NEMA-17 Peristaltic Pump




A minimalistic peristaltic pump that is designed for NEMA-17 stepper motors.

Peristaltic pumps allow for precise fluid control and handling of corrosive liquids.

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Step 1: The Parts

The parts you need consist of M3 screws and two 3D printed parts (under one hour of print time). You'll also need a hex key.

Full BOM can be found here and a kit can be bought on Tindie.

Step 2: Attach the Bearings

In the order shown, screw the bearings into the hub. Be careful not to snap off the spring arms but also apply pressure to ensure that the screw taps threads into the plastic.

Step 3: Set Screw

Insert the set screw partially. You will need room for the motor axle later.

Step 4: Thread the Tubing

Thread the silicon tubing into the hub. Tweezers or small needlenose pliers help.

Attach the clamp by stretching the silicon tubing and sliding the clamp on. It should be on the left side as shown when the hub is flat on the table and the holes are as high as possible from the table (see picture).

Step 5: Align the Parts

Drop the hub roughly in place while leaving extra tubing out. Then push the bearing roller onto the axle. Slowly turn the bearing roller while pulling the unclamped side so that the tube is caught by the flanged bearings and held in place. After half a turn, the tube should be aligned.

Step 6: Attach the Hub to the Motor

Screw in the two longer screws. This is where you can change the orientation of the tubes in relation to your motor wires.

Step 7: That's It, You're Done!



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    11 Discussions


    1 year ago

    Hi, in the BOM is stated the tube is 2mm OD. The hole is for 3mm OD?


    1 year ago

    What pressure is created in PSI?


    1 year ago

    can this pump be used for chocolate?


    3 years ago

    Great instructable, do you know if there is a way to run these without the need of a microcontroller? Also would this be able to run 24/7?

    2 replies

    Reply 2 years ago


    Even if it's a year now this question was asked, I will answer so maybe someone will need it.

    Yes there is a way to control the stepper without microcontroller and 24/7.

    I made a quick schematic and part list on MSpaint :)

    The circuit is not tested! I'm not responsible if you damage any parts, but this is how I always tested steppers.

    The first block is a buck step-down, you plug IN any DC voltage between 4-40V and you get adjustable voltage OUT between 1,3-37V (you can't get output higher than input as it is a step-down). in this schematic you need between 12-24V IN depending on your stepper max voltage. If the stepper's max voltage is 12V so use 12V IN.

    Remember to adjust the buck output to 5V before plugging the next blocks to it.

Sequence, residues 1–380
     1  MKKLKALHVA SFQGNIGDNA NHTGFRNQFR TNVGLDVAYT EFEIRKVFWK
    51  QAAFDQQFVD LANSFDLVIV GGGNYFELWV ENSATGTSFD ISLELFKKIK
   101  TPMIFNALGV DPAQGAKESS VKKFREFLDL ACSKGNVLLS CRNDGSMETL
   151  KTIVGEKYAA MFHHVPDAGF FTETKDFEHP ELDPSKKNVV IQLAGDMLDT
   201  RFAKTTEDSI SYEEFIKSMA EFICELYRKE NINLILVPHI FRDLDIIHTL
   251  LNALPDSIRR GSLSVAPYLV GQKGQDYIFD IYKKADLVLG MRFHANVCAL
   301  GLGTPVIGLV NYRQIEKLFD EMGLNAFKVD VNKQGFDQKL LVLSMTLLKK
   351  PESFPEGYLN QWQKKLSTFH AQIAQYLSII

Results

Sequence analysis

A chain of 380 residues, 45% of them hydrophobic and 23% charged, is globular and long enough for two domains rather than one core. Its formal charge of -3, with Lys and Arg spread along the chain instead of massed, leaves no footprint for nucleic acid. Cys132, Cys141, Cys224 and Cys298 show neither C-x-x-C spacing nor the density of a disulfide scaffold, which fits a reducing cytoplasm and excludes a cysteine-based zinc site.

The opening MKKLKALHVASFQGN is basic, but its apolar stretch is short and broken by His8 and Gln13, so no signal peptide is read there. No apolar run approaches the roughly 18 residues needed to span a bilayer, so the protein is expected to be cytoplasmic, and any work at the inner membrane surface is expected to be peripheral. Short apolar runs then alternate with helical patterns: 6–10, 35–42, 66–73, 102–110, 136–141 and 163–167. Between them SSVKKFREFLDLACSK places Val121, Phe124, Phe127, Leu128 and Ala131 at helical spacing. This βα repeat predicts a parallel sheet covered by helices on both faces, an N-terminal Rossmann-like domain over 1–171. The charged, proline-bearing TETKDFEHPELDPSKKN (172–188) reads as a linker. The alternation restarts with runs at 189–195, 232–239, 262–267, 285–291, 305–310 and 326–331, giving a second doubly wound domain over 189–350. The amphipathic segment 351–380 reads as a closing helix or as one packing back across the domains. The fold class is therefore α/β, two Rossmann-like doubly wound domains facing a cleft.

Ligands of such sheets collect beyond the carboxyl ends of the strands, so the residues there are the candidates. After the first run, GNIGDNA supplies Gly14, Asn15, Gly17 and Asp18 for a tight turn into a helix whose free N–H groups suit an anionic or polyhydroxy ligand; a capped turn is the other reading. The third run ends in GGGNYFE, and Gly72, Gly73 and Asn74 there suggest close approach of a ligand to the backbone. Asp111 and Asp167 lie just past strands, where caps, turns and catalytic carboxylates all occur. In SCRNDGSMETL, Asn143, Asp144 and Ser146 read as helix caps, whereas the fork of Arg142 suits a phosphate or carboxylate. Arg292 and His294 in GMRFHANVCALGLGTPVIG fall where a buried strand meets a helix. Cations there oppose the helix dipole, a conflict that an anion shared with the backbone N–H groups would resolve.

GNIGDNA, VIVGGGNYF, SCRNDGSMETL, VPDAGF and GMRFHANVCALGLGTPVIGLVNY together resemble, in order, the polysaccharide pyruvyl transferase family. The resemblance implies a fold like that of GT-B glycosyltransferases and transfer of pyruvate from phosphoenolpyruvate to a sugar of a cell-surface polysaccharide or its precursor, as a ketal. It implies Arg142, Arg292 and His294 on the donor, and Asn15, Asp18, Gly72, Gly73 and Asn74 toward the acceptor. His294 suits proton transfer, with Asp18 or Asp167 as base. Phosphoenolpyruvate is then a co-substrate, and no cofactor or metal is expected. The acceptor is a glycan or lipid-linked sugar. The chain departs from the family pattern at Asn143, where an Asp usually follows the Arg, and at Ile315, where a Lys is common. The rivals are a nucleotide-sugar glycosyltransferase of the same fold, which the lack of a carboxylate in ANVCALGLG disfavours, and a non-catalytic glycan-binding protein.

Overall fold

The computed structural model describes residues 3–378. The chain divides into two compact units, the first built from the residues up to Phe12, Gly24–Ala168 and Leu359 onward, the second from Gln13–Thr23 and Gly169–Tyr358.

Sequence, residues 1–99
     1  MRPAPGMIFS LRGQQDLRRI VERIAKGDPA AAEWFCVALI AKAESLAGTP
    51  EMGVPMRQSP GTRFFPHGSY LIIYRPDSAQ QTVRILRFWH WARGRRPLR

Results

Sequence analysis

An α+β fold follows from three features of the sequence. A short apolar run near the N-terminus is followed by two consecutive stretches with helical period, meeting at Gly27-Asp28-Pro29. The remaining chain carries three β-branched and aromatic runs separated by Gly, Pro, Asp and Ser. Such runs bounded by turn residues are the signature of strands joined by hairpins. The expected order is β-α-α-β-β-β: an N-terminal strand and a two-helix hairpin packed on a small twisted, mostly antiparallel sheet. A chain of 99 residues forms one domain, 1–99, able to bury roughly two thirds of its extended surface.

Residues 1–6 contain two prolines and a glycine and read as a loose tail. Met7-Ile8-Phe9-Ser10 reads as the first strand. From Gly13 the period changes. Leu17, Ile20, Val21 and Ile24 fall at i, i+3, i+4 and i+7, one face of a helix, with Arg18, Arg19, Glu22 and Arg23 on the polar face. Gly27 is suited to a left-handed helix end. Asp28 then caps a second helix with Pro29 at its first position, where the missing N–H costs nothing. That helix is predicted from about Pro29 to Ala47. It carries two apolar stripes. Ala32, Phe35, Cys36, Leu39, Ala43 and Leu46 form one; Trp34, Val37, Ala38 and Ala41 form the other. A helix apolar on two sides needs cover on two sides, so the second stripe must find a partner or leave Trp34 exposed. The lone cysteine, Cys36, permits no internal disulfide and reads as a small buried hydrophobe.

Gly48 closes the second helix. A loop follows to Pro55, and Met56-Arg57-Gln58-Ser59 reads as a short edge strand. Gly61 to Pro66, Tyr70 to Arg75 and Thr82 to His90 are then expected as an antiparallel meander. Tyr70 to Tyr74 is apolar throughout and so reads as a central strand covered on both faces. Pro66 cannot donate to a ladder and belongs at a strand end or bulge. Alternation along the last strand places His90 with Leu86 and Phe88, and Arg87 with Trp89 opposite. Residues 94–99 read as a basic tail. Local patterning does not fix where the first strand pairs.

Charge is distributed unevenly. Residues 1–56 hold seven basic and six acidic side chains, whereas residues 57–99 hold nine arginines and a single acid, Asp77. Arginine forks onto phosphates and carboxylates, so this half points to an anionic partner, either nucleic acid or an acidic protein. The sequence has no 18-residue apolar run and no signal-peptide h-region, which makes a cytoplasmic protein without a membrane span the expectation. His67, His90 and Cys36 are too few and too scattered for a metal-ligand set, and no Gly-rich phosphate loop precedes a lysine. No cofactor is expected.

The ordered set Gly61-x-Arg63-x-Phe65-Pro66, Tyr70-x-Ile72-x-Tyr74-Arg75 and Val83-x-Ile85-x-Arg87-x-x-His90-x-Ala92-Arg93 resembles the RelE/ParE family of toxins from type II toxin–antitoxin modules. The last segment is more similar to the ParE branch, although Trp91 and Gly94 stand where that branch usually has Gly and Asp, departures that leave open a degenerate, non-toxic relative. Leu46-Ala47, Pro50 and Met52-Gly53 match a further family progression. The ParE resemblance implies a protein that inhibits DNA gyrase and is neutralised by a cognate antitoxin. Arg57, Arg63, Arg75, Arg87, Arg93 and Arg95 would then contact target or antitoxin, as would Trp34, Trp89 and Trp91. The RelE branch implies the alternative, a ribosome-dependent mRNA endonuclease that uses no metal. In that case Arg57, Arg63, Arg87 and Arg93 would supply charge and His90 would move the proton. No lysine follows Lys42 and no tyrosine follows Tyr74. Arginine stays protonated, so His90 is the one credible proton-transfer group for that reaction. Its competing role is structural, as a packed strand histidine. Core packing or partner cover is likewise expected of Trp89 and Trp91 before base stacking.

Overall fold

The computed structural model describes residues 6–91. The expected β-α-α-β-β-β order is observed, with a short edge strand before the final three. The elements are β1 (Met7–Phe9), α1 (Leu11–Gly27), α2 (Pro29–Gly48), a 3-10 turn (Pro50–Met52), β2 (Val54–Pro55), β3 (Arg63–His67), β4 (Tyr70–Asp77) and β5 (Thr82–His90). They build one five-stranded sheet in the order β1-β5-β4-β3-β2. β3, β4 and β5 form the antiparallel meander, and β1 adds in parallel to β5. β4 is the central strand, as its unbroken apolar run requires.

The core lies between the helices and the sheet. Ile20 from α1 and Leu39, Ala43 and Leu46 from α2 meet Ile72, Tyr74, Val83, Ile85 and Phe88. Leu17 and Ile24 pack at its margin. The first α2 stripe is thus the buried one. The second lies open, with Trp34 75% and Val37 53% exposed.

In the NE555 there is two potentiometers that can adjust the time HIGH and the frequency which will allow you to adjust the speed of the stepper. If the frequency is to high which will make the stepper turn quick, you can check that 3 SMD in the left of the NE555 in the picture which one is a capacitor(I don't have that module to test it) when you find which one is a capacitor, solder an electrolytic capacitor in parallel with it, 1uF for example, it will give an low frequency in the NE555 output.

    next is a transistor to drive the stepper controller, and two switches to reverse to stepper's direction if needed, otherwise you can skip that pins CW+/CW- no need to connect them, also the Enable switch can be skipped, it allow you to start and stop the motor, you can skip it by cutting the power...

    The stepper controller have different micro-switches to adjust the current, excitation...look here:

    I put pictures so you can have an idea about the components, the prices are just to give you an idea about the project cost ...

    If there is something I forget to describe I can answer if needed.


    Reply 3 years ago

    This was designed to attach to a stepper motor, but you could drive it with a normal DC motor which would remove the need for a microcontroller.

    Running 24/7 would depend on how fast you are running it, the quality of your 3d print, and the stamina of your motor. As long as it isn't something vital, I don't see a problem with constant operation, however this pump design has a lot of hose wear and the hose will eventually fail.


    2 years ago

    Anyone have any leads on Arduino controller for these stepper dosing pumps? All I can find is for D.C. Motors, and I want to use my Nema 17s


    3 years ago

    Well done! Thanks for posting this.


    3 years ago

    How come there are two extra pieces (the "handle" and one hub) that don't show in the instructions ?